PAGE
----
It was a story followed by many. A family of six — two parents, four boys. The first three born healthy, wrestling and chasing and cuffing each other in that way that boys have (the way that spells love). And then came one more.
Born last, though not least in his family line, he arrived, bringing joy. And with him came every hope and dream for a shiny-bright future that is ever birthed, all unbidden, when a child’s delivered.
HIS MOTHER she cradled his blanketed form, pressing kisses to brow, head and hands. She breathed in his scent, that faint wisp of Heaven’s breeze that rests, mantle like, on babes just come down. Surely, then, with that small scrap of eternity nestled sweet to her chest, she gave thanks. For this is what mothers do whose hearts have swelled, have enlarged, making room for one more.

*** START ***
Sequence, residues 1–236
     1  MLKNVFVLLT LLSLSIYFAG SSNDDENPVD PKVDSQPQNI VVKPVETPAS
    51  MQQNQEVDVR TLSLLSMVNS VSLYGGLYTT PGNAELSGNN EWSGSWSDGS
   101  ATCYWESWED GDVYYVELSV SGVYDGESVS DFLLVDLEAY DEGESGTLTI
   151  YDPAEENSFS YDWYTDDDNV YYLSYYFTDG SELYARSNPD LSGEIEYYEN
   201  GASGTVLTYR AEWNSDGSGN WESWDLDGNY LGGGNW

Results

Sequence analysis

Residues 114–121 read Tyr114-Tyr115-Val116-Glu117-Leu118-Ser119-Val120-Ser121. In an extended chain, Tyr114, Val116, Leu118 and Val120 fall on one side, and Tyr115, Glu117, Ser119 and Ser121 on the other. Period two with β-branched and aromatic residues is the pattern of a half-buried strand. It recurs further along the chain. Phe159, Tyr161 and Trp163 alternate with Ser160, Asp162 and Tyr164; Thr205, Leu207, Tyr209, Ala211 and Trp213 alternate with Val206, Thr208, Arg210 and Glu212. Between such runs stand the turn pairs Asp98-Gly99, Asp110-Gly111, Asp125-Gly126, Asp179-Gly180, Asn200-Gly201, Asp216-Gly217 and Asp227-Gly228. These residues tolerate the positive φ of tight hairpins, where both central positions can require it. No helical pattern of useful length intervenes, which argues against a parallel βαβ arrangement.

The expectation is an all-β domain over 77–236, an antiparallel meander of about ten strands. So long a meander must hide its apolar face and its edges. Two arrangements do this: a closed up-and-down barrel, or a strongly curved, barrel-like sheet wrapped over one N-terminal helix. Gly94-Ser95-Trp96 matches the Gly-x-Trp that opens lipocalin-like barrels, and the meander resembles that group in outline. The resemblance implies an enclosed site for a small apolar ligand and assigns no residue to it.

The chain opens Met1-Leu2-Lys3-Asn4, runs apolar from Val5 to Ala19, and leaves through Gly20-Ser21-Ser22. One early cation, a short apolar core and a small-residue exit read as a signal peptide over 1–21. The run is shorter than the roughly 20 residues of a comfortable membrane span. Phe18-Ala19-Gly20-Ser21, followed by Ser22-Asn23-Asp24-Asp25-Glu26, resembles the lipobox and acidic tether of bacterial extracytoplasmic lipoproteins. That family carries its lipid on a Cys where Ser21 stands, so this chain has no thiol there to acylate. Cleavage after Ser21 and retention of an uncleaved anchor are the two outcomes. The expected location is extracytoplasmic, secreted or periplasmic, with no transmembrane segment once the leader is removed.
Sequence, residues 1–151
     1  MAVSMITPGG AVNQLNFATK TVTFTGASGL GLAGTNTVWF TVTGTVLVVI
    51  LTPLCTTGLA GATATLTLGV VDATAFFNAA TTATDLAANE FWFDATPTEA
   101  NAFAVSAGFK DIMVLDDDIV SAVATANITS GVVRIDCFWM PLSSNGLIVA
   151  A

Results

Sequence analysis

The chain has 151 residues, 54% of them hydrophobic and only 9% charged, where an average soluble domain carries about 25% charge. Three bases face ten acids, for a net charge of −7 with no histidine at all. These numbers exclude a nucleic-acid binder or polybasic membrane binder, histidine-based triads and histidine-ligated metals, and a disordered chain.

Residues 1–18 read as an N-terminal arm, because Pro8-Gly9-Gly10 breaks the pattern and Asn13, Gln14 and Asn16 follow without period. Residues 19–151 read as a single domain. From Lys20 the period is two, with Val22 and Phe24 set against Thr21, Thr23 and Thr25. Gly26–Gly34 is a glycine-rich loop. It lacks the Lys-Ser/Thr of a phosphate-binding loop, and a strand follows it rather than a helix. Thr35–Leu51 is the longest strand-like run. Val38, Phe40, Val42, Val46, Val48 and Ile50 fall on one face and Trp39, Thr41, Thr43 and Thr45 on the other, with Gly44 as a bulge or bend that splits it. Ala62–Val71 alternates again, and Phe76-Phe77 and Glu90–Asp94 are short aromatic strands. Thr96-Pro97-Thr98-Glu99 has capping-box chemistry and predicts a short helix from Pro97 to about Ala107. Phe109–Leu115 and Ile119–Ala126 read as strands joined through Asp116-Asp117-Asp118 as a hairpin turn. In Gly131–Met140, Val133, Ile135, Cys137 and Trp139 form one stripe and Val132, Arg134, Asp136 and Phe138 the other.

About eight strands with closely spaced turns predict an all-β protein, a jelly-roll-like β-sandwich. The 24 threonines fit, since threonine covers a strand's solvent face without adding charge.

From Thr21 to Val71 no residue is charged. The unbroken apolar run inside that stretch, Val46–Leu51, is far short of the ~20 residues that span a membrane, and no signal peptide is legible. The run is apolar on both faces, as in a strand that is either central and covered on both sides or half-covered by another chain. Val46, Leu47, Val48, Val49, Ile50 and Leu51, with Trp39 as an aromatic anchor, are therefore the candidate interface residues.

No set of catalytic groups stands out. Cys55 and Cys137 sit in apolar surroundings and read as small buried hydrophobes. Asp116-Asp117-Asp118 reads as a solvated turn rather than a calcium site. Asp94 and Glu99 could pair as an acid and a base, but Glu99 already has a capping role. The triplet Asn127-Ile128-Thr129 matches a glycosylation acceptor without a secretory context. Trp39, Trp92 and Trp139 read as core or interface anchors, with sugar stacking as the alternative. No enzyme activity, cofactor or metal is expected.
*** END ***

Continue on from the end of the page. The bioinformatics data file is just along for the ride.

His father and brothers, they, too, gave their thanks and welcomed him in. For this is what families do who love life and each other; they make room for one more.
It is often, one finds, on the most normal of days that life takes a turn. With a twist of the wheel, the ring of the phone, the world as we know it is altered forever. For the family in this story, it was two words spoken over the child that changed their course.
What a cursed disease is cystic fibrosis. It attacks the lungs and keeps a boy from doing what he loves the most—to run like the wind and keep up with his friends. A boy’s about action, about motion and speed. A boy wants to conquer, to climb trees and jump. To beat a drum, blow a horn, throw a ball, sled a hill. All this and more a fellow will do. If, of course, he is healthy.